Fun Way to Discover Your Place in This World

Filed in The Inner Life, Your Purpose as a Writer by on May 13, 2014 • views: 634

unbreakable-guideI got a chance to re-watch a few scenes from
M. Night Shyamalan’s movie “Unbreakable” awhile back.

I’ve always liked the film, but this time I realized what a great illustration it is of someone desperate to find his purpose in the world—in this case, the antagonist, Elijah, played by Samuel L. Jackson.

Plot Summary

In case you haven’t seen the movie, I’ll grant you a summary. Elijah, who was born with four broken limbs, has lived a life in and out of medical facilities. He has a rare disorder that makes his bones extremely fragile and prone to breakage.

“They call me Mr. Glass,” he says.

He walks with a limp and uses a cane, and can’t count the number of times he’s had bones reset.

Elijah tracks down and befriends David, the hero, played by Bruce Willis. Unlike Elijah, David is the sole survivor of a disastrous train wreck—no one can understand how he walked away unscathed. Surprisingly, it’s not the first time. We learn that David has survived several unfortunate accidents, without so much as a hangnail to show for them.

Over the course of the film, Elijah tries to convince David that he is his polar opposite—the man who can’t be broken, a superhero meant to protect and serve. David doesn’t believe him at first, but gradually, as he struggles with a faltering marriage and a strange “sadness” he feels every morning, he realizes something is missing in his life.

He starts to test out Elijah’s theory. With his young son’s help, he begins to believe it might be true. One night, he uses his superior strength and survival capabilities to save two children from a vicious murderer—and gets the proof he’s been looking for.

The Main Character is Defined by His Polar Opposite

As David’s life comes into focus—his purpose clear, his family reunited, and the sadness gone—he visits Elijah to thank him for his help and support. But Elijah says now that they both know the truth, they must go their separate ways. (Spoiler alert!)

Elijah was the one responsible for the disastrous train wreck, as well as several other acts of terrorism over the years.

“The scariest thing is,” he says, “to not know your place in this world…to not know why you’re here.”

David is who Elijah thought he was, which means Elijah is “not a mistake.” He is the darkness to David’s light, the evil to his goodness, the yin to his yang.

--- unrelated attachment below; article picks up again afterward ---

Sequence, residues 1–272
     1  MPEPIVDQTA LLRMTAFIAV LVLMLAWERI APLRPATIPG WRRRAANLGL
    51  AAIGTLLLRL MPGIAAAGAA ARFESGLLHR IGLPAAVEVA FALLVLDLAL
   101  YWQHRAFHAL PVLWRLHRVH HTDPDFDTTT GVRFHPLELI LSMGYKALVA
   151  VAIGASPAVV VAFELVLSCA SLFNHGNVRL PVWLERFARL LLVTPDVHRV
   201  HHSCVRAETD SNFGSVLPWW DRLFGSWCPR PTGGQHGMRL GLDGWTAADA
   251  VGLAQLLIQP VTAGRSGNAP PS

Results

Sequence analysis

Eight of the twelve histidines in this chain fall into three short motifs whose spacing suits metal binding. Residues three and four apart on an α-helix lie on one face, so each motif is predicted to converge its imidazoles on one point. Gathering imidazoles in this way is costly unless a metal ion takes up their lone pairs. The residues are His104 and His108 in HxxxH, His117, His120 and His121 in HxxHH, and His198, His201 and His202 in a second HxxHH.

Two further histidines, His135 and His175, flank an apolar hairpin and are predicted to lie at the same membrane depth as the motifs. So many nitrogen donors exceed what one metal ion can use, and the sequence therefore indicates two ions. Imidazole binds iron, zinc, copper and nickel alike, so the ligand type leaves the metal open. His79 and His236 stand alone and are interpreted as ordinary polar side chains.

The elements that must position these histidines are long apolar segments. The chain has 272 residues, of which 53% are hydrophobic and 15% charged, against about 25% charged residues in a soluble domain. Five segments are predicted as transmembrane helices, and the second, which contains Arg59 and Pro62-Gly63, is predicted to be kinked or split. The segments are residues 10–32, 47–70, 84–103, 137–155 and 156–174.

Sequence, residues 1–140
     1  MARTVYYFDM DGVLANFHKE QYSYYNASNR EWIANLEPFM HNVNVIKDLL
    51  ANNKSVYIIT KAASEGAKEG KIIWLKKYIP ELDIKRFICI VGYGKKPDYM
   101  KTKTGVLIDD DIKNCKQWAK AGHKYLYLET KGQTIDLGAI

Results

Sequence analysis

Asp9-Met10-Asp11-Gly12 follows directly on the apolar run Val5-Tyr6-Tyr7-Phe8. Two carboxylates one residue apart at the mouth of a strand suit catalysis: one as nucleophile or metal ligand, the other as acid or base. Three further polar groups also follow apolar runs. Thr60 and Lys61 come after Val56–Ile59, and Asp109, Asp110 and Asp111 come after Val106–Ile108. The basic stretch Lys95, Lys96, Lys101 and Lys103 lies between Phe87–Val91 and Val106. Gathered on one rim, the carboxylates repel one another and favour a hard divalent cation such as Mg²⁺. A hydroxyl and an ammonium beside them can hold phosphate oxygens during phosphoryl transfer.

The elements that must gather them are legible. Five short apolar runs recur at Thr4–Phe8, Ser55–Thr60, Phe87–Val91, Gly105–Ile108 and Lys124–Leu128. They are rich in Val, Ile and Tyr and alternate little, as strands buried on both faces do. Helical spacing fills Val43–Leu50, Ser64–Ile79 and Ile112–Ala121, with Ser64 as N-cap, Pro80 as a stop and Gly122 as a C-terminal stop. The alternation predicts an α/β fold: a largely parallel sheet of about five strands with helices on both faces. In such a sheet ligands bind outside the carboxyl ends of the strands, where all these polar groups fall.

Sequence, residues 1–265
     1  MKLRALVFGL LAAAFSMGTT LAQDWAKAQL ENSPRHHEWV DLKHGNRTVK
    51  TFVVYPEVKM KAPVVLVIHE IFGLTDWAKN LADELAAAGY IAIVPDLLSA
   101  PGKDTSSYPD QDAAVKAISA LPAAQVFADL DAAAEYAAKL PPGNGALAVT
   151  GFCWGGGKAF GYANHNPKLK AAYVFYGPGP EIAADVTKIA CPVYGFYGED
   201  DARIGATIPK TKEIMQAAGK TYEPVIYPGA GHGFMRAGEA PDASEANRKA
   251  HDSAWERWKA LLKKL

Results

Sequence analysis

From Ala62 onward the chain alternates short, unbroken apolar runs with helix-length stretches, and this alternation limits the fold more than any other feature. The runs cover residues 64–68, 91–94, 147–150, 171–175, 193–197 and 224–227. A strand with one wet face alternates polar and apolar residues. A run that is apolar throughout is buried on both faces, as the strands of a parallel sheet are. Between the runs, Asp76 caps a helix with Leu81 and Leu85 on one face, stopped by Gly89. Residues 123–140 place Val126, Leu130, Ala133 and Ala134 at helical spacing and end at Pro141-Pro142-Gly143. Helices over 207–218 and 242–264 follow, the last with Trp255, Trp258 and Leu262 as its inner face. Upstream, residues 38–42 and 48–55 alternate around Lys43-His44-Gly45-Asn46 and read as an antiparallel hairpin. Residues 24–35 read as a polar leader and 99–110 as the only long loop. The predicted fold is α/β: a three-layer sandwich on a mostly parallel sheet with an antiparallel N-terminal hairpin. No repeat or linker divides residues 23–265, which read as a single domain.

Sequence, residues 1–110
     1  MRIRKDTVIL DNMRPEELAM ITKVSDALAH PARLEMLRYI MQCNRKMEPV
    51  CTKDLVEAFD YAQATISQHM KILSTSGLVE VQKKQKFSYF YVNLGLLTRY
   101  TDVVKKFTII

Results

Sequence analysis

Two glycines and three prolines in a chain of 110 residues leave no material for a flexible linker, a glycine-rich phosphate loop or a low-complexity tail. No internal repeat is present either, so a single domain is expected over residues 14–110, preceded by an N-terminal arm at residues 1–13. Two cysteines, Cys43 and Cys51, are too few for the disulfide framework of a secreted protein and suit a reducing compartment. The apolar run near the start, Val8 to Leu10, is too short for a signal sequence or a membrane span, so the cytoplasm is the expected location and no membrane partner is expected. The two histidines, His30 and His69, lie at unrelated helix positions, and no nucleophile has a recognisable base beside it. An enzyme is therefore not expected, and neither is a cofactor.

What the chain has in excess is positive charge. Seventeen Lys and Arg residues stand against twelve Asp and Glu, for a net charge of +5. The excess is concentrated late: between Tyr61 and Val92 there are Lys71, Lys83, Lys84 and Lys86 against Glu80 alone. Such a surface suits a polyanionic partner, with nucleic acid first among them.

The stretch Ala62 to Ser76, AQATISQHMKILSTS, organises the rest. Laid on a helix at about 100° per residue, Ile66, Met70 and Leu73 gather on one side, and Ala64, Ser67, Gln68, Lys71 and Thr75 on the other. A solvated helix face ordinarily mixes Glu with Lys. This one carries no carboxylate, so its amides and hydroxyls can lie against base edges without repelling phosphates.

“How can you tell who the villain is?” he says. “He’s the exact opposite of the hero.”

Why We Need Purpose, Above All

This movie brings home the point that humans need to feel they have a purpose. Without it, David was depressed and asleep while his life fell apart around him. Elijah was broken and desperate to find that his existence wasn’t just a cruel joke of nature.

What’s especially interesting is that Elijah, the “bad guy,” was better able to listen and follow his inner voice than David was, and it took Elijah’s pointed purpose and driving energy to bring David around to fulfilling his heroic potential.

I imagine there are all sorts of conclusions that might be drawn from the film, but I’d like to offer one. David is, like so many of us, walking around half asleep in his life. He feels somewhere inside that something is missing, but he’s not sure what it is. The feeling eats away at him so much that gradually he approaches everything with apathy, until his marriage, his career, and even his son grow ever distant, gray and meaningless.

It’s only when he embraces all aspects of himself and follows his inner voice that his life once again takes on meaning, and he finally steps into the light. Which by the way, takes a mountain of courage.

To feel fully alive, we must live on purpose. We must follow the inner voice, wherever it leads—no matter how scary the journey.

Are You Living on Purpose?

If you’re feeling like David, and you’re not sure yet of your place in this world, here’s an exercise for you: describe your polar opposite. Try to think of things that you are not. Write them down.

Next, write the opposite characteristic across from each original one. These words most likely describe who you are.

Finally, ask yourself—which characteristics are you most commonly portraying in your everyday life? That may help you see how close (or how far) you are from living your true purpose.

How to Clarify Who Your Hero Is

By the way, I’m sure you already know that this is a good example of setting up the protagonist and antagonist in a story. If you find one or both are incomplete in the project you’re working on, try using the rule of opposites.

Antagonist a little fuzzy? Write down a list of what your hero is not, and that will give you a better idea of who the antagonist might be. Do the opposite if your bad guy is clear, but your good guy remains a blur.

By the way, this isn’t just about good and bad. The more characteristics you can come up with, the more well-rounded your characters will be. For example, if your bad guy dresses sharply, maybe your hero is a slob. Bad guy is decisive? Hero worries over his problems before taking action. Bad guy a hit with the ladies? Hero is awkward. Bad guy a vegan? Hero loves meat. You get the idea.

What did you think of this movie? Did you draw different conclusions?

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